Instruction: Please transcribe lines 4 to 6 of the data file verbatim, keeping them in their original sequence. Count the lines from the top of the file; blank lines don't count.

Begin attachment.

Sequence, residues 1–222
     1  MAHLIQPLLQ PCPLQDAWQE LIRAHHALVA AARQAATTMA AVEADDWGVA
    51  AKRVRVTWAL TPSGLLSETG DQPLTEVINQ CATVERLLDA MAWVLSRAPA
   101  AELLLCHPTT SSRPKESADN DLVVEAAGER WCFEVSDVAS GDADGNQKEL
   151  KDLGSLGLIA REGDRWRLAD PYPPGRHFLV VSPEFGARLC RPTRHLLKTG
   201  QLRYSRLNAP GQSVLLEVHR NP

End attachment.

   101  AELLLCHPTT SSRPKESADN DLVVEAAGER WCFEVSDVAS GDADGNQKEL
   151  KDLGSLGLIA REGDRWRLAD PYPPGRHFLV VSPEFGARLC RPTRHLLKTG
   201  QLRYSRLNAP GQSVLLEVHR NP